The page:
It is a source of protection under normal building occurrences that might prove to be an alternate to the mere Code Compliant designs of Modern Home Building.
No matter what protection you have would not protect you from this type of scenario, as you pointed out, I was just thinking and pointing out a method of protection that some might not be aware of.

Marcel :slight_smile: :slight_smile:


P.S. At least in NY for new construction, windows are not permitted in the walls parallel to the property line if there is less than 3’ clear from the wall to the property line. There can be windows on returns along the wall, perpindicular to the property line. The same provisions are in the IRC (Section R302.2).

The required Light and Ventilation can be an issue for some rooms along these outside walls without windows.

JMO & 2-nickels … :wink:

Thanks Robert,
I was hoping you would say that.

I just could not back it up.

Marcel :slight_smile: :slight_smile:

Forgot to mention Joe. H. that your link was appreciated and was quite a tragedy.

Thanks./ :slight_smile: :slight_smile: :slight_smile:

Thanks. That’s what I thought. Although I thought is was 6’ for some reason. New building going up next to my parents (not very happy about that) with their side wall right on the property line. My parents house is about 6’ from the property line. I already see 2 window openings on the first level.

Is there a code that you can find so I can give them?

Thanks, Daren

Robert And All,

As you mentioned, here is that section of the code: (my question is after it)

M. Change IRC subsection R302.2 to read:
R302.2. Openings. Openings shall not be permitted in the exterior wall of a dwelling or accessory building ] with a fire separation distance less than three feet (914 mm). Openings in excess of 25% of the area of the entire wall surface, which shall include bay windows, shall not be permitted ] in the exterior wall of a dwelling or ] an accessory building with a fire separation distance between three ] feet (914 mm and five feet (1524mm ]). The building face of a bay window shall not be considered a separate wall with respect to the computation of the 25% opening limitations. ] This distance shall be measured perpendicular to the line used to determine the fire separation distance.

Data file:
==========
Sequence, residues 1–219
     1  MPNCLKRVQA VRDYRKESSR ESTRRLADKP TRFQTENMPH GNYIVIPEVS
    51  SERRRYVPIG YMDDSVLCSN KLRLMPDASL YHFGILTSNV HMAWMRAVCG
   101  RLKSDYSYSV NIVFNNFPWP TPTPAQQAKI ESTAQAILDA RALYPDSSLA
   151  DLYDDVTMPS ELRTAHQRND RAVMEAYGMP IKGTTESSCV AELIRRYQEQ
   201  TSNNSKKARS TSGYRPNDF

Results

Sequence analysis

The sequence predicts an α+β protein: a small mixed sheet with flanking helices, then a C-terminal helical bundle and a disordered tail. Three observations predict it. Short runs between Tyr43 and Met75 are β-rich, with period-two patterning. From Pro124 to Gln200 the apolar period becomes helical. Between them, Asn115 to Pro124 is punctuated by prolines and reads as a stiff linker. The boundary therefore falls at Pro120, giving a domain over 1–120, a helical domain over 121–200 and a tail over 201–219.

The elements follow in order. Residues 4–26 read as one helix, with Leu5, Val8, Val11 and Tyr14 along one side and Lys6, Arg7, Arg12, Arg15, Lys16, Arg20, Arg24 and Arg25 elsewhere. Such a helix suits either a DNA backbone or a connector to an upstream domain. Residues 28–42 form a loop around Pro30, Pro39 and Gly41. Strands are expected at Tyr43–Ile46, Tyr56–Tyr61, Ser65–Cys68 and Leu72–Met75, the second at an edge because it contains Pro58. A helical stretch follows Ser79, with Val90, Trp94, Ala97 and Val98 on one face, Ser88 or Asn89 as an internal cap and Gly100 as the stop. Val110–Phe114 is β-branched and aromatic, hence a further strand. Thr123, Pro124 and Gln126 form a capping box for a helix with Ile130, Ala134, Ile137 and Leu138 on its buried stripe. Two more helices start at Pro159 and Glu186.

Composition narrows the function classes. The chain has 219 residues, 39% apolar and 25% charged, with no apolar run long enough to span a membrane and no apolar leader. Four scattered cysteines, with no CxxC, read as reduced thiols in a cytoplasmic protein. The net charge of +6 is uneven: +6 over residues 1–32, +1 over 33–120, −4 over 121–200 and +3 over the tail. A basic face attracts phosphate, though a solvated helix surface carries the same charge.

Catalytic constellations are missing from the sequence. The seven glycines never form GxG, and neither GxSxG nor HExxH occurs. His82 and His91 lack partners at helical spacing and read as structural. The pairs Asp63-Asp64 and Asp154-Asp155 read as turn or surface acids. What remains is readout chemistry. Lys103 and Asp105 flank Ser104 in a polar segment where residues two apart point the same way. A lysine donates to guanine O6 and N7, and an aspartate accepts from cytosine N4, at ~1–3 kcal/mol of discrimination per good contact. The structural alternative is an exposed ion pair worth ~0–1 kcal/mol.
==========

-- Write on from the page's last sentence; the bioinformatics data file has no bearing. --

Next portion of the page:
It says a “fire separation distance less than three feet”. Now that would mean from the next building, wouldn’t it. It does not mention from the property line. So then they can put the window if their wall is on the property line sa long as the nect building is more that the three feet.

Am I reding this right then?

This may sound stupid but what about bedroom egress on these walls?

Not being sarcastic, I guess it would be prudent to have a living room, kitchen, and bathroom with no windows and the bedrooms up front. ha. ha.

I don’t think I would like that scenario to much.

Marcel :slight_smile: :slight_smile:

Fire Separation Distance is measured to the property line, not an adjacent building. Here is a definition quote from the RCNYS:

So a 3’ fire separation distance for both properties translates into 6’ between buildings (without special fire rating and no windows).

Local mileage may vary. So If you really have an issue I would recommend visiting the local building department and discussing it with them.

JMO & 2-nickels … :wink: